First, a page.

Apollo 11 – This documentary does a great job of paying attention to detail. Each moment of the moon landing is painstakingly realized, from time to sound and communication. What is slightly off-putting is that this films opts for no “talking heads” and operates completely within the context of the events themselves. The goal is to create a “you are there” sensation, which at times adds to the film but also takes away from it. If you already know plenty about the mission than I suspect you probably prefer it this way, but for those who have little background in science and were not alive for the moon landing are left slightly confused. I love documentaries, and what makes them great are often the interesting subjects who help put things into context. I would have loved to hear historians discussing the implications of this event, or scientists describing exactly how the ship works. Instead I am left with plenty of interesting and cool footage, but no message from the directors. That is disappointing, especially considering how much terrific footage there is in this film. 7/10
This season was easily the best of Daredevil’s run, with smartly paced storytelling finally catching up to the already brilliant action scenes. For the first time in the show’s run, every episode felt purposeful, every move felt necessary, and nothing felt like filler. This makes it that much more disappointing that Netflix cancelled the show, as there was so much more left to offer.
Regardless, I think it is more important to look at the product of the third season as a whole before getting sad about the show’s cancellation. The newcomers in particular were great, as they added many new dimensions to the show. Jay Ali as Special Agent Ray Nadeem stands out in particular. His struggle and ultimate send-off are all incredibly powerful to watch. Overall I would give it a 8.5/10, a must watch for any Marvel fan.
BoJack Horseman ended season 4 with a commitment to being a changed man. BoJack Horseman has always been a show of twists and turns, and it never quite lets anyone off the hook. However, it finally began to seem like there might be some moments of redemption. However, just because BoJack is the hero of our story, does not mean he gets to be let off easy. If I were to boil down the lesson of this season it is that while we can make a commitment to becoming better and dealing with those around us in better and healthier ways, we have to hold ourselves accountable. Nobody else will do it for us.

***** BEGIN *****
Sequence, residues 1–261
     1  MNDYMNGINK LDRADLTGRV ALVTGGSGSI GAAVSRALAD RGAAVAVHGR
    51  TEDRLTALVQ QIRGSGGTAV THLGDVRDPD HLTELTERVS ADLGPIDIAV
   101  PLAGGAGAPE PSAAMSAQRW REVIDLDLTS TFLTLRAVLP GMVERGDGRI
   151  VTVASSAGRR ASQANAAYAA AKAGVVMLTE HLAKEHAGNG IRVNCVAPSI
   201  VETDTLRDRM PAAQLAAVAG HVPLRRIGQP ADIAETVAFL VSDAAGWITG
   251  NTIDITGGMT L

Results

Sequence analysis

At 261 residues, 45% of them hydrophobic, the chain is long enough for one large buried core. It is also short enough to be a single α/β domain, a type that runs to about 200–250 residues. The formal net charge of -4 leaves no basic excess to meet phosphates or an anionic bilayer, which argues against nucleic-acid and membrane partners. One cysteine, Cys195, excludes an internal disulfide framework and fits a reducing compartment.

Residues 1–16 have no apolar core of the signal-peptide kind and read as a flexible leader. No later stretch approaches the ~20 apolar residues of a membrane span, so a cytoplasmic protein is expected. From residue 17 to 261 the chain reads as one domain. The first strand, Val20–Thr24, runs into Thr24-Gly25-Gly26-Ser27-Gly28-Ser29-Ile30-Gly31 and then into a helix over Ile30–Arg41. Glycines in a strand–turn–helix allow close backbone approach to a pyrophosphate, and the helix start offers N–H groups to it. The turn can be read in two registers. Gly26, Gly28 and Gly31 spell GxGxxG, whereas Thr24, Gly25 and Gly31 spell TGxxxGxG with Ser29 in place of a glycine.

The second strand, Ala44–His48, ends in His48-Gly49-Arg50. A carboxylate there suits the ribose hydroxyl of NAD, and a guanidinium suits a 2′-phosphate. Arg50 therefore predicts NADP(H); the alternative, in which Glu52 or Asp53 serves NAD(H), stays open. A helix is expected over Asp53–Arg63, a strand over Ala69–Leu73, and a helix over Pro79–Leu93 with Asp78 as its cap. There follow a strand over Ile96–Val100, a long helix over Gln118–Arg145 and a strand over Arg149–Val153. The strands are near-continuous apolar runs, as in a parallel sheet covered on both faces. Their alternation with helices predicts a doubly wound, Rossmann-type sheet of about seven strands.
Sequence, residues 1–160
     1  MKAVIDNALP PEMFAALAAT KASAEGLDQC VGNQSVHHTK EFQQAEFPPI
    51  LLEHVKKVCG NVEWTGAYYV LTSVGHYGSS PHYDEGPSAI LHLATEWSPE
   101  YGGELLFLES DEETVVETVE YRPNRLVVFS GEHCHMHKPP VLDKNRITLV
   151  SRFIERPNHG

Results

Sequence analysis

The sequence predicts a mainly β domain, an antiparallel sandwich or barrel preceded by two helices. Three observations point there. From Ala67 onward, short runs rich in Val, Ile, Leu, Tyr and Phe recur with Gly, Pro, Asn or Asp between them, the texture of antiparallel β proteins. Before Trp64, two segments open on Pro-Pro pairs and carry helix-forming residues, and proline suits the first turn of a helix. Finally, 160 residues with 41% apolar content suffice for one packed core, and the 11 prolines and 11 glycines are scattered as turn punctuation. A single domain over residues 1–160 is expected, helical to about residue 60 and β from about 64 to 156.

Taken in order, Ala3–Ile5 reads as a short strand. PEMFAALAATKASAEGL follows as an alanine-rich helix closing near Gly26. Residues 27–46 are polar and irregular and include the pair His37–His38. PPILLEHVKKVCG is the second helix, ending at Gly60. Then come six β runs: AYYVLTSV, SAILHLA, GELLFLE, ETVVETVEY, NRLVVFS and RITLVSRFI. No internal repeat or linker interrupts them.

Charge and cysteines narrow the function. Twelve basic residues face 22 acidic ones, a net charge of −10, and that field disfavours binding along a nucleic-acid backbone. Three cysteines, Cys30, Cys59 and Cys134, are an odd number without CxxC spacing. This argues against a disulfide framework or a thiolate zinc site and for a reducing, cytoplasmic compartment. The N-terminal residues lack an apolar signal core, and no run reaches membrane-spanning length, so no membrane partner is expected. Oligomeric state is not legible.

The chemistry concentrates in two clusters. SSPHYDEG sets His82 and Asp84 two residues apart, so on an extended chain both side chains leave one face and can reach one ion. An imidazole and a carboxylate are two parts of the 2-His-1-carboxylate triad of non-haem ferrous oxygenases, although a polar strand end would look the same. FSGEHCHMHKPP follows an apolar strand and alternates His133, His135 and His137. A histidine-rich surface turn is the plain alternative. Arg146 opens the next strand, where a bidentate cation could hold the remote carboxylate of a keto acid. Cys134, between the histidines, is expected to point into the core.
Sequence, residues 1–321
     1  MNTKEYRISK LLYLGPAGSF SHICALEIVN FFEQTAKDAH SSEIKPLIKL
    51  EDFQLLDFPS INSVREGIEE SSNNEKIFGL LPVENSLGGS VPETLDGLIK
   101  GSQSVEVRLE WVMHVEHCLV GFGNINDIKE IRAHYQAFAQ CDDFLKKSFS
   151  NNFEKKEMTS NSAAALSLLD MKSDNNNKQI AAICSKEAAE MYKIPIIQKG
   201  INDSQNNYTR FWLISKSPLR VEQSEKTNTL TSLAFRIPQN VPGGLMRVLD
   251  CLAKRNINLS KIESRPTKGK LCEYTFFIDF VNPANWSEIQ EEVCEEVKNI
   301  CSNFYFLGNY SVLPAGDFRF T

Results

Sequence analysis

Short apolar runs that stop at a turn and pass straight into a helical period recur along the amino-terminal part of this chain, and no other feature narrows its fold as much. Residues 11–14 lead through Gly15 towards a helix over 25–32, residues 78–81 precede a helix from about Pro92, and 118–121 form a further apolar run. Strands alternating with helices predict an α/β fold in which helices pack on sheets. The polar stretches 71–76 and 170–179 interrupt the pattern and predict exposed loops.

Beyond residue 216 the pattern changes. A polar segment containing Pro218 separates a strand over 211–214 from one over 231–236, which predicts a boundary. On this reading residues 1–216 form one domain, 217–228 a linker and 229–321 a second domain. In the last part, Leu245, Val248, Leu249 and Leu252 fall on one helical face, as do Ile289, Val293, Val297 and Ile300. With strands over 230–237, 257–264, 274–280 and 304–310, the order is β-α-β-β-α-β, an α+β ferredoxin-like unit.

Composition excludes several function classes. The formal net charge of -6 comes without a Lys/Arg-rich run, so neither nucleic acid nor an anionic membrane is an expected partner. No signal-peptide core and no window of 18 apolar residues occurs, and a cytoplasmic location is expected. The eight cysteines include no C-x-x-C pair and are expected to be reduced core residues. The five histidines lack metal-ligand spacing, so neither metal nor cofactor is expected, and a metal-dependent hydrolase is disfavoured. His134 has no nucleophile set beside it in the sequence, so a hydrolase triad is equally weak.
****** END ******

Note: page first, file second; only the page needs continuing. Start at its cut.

This season wallows in sadness but is in many ways more subdued than years past. It does not focus so much on the glitz and glam but has stories that really try to see the characters take the next step. Princess Carolyn struggling with adoption, Dianne and Mr. Peanutbutter moving on, and BoJack dealing with the loss of his Mom and coming to terms with all of the things he has done. It once again defies convention and category, making Drama and Comedy work in ways that few shows can pull off.
My highlight of the season was the episode “Free Churro,” which constituted of BoJack giving his eulogy for his Mom. Painfully honest “Free Churro” is the best episode this series has seen since Season 3. BoJack realizing how much of his relationship between himself and his mother has now gone to waste has some absolutely gut-punching lines that I will not spoil. Please, if you watch one episode of this show, watch “Free Churro”.
To me, BoJack Horseman is always in the 9-plus category because of its ability to stir emotions. However, my one complaint is that I felt this muted deconstruction was a very small step back from the highs of the last two seasons. Regardless, this show continues to be phenomenal. Watch it as soon as you can.
After having watched two episodes of Season 5 I am pleased to confirm that BoJack Horseman is back with all of its punches. In the second episode “The Dog Days are Over,” Diane comes to terms with her divorce and reconciles with her feelings toward Mr. PeanutButter.
BoJack Horseman has always been a tear-jerker, but it is not just in sadness that this show finds its brilliance, but it is in the way it articulates feelings and actions. Diane here is dealing with pain, still having feelings for her husband and not entirely sure how to go about fixing her sorrows. So she decides to go to Vietnam to try to get away and “reconnect with her roots”. However, the episode quickly unfolds into something darker, as you begin to realize that she is denying something caused her to take a spontaneous trip out of the country. The reveal is tremendous, and the way her pain and reasoning is articulated is beautifully done.
Sometimes, we do things to distract ourselves from the pain we feel, and we find ways to justify it. For Diane, “reconnecting to her roots,” really has to do with her struggling to cope with jealousy and heartbreak. How can we be honest with ourselves to how we are feeling while also attempting to solve the problem? It is so hard to do this properly and so often I act as Diane would and just try to do something else to avoid the problem entirely.
This episode, combining beautiful narrative structure along with heartbreaking truths showcase what BoJack Horseman does best. This show has continued to wow me, and while I hope to have a review of the full season later on, I highly recommend everyone give it a chance in the meantime.